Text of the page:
Wednesday, August 31, 2011

the deep places in life...

This from James Freeman Clarke's "The Christian Doctrine of Prayer"

" Experience. — Out of the Depths.
A further preparation may come to us out of the deeper experiences of life. We may pray sincerely, but superficially, from the surface rather than from the depths of the mind. We may pray from our perception of what is right and true, rather than from a deep feeling of it. But when we can say with the Psalmist, " Out of the Depths have I cried unto thee, O God !" then we have achieved also the moral preparation for prayer, the preparation of a moral experience. Then we acquire the habit of prayer out of the deep places of life, and the deep places of the heart.
There are deep places in life. For years we pass on in a circle of routine, until we reach a crisis. Sometimes years of cloudless prosperity are at once interrupted by a succession of troubles, as the smooth stream of a river ia broken by rapids and hurried suddenly down a cataract. The happy family is entered by Death, — father, mother, children, are snatched away from that loving circle. Love is disappointed, — hopes are frustrated, — prosperity ceases, — adversity comes, — sickness despoils us of our energies. In such hours we seem to descend, step by step, into still more profound depths of trial and sorrow. But from these depths the heart sees God more' clearly than from the sunny hill-tops of a happy life, — as persons can see the stars at midday from the bottom of a well. When all around us grows dark, the inward light grows stronger and clearer. When man deceives us, God is faithful. When Death approaches us outwardly, the idea of Immortal Life dawns, in pure auroral light, within the heart. In such hours we learn to pray.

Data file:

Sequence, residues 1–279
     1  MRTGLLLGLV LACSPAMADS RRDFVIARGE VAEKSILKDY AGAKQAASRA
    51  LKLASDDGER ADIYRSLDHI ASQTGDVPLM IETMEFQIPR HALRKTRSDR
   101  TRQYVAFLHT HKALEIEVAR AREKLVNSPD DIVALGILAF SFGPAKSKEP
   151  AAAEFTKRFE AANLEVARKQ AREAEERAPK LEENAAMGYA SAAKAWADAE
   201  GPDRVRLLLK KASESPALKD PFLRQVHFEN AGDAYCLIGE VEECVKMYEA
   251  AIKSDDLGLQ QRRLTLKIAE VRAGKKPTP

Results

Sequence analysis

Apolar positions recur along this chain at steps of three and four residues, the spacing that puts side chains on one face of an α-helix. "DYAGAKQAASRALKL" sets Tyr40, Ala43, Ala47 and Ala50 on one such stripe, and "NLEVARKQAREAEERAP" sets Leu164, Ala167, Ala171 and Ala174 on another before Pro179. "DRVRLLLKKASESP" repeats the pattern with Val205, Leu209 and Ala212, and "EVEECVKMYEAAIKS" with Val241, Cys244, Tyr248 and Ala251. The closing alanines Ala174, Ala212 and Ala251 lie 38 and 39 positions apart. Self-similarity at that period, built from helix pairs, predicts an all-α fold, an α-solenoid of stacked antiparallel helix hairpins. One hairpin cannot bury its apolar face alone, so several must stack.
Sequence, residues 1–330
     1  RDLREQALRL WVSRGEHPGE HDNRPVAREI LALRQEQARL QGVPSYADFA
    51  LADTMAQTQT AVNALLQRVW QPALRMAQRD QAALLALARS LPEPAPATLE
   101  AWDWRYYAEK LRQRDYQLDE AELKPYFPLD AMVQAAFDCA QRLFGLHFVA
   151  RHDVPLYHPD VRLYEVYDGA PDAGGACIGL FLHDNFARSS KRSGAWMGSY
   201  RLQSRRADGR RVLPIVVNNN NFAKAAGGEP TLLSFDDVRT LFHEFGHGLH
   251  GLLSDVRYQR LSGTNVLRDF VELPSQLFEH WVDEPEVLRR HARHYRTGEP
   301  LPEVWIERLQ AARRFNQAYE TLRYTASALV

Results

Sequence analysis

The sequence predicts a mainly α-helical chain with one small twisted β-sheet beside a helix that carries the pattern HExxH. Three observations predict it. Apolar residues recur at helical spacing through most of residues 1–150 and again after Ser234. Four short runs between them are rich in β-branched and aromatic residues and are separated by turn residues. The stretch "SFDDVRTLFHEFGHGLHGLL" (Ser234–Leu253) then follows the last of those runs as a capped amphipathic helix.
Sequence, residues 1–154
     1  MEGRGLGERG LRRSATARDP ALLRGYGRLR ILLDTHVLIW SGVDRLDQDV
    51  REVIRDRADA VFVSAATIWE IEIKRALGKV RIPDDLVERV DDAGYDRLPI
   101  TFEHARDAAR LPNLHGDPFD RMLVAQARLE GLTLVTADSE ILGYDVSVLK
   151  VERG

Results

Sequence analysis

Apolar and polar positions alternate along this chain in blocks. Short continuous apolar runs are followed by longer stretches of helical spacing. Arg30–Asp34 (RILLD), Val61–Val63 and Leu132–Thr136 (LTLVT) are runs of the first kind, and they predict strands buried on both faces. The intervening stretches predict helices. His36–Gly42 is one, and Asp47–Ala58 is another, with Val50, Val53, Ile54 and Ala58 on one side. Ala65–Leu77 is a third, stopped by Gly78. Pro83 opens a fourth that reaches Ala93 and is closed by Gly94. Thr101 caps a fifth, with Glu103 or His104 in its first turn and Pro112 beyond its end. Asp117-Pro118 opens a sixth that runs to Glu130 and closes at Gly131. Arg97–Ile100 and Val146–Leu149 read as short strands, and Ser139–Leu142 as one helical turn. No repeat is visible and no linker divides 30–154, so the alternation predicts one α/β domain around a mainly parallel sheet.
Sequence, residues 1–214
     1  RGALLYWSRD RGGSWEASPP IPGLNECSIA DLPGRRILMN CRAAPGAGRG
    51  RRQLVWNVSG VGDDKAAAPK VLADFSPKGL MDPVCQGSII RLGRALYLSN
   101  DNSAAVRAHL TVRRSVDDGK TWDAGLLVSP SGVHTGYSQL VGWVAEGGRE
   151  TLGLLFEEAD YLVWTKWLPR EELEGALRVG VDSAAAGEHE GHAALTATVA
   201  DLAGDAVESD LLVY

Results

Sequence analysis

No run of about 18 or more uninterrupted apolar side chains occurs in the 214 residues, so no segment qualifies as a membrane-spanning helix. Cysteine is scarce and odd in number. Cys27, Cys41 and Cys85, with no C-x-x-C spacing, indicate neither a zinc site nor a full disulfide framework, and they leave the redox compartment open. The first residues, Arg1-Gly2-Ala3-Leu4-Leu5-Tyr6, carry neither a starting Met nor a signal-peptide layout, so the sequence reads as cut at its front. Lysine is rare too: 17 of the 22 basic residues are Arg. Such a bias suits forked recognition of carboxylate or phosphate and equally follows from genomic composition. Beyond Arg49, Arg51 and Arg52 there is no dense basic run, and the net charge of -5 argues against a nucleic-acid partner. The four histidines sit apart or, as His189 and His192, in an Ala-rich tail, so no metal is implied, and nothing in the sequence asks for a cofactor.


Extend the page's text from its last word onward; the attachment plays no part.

But there are deeps lower than those of trouble and outward affliction, — moments in which, though no external trouble comes near us, inward joy departs. There are depths of scepticism which the soul of man has sometimes to pass, in his pilgrim's progress toward God, — depths in which we lose our faith in God, in man, in ourselves,— in which we ask for the meaning of the world, and find none, — in which all things seem full of vanity and emptiness, and we cause our heart to despair of all its labor which it takes under the sun.- Blacker than Egyptian darkness is this mental gloom, which sometimes settles, for a time, upon the purest and most aspiring minds, —
" A grief without a pang, void, dark, and drear,
A stifled, drowsy, nnimpassioned grief,
Which finds no natural outlet, no relief
In word, or sigh, or tear."

In this condition of scepticism, when we are like children lost in a forest, what can we do but cry to God ? This is the remedy, this the cure. It is not reasoning or argument which can help us in this disease, but Prayer. ' If we have faith enough left to cry to God, Peace and Light may then return to us."


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